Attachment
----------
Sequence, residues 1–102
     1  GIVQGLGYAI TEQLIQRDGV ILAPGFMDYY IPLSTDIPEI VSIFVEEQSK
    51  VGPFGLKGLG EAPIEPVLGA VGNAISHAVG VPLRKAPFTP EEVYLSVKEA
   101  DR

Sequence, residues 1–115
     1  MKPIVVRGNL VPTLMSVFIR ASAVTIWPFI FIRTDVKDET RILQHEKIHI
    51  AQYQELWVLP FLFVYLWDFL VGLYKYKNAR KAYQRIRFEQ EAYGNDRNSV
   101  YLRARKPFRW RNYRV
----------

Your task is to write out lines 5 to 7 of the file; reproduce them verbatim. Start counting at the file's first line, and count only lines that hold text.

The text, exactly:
Sequence, residues 1–115
     1  MKPIVVRGNL VPTLMSVFIR ASAVTIWPFI FIRTDVKDET RILQHEKIHI
    51  AQYQELWVLP FLFVYLWDFL VGLYKYKNAR KAYQRIRFEQ EAYGNDRNSV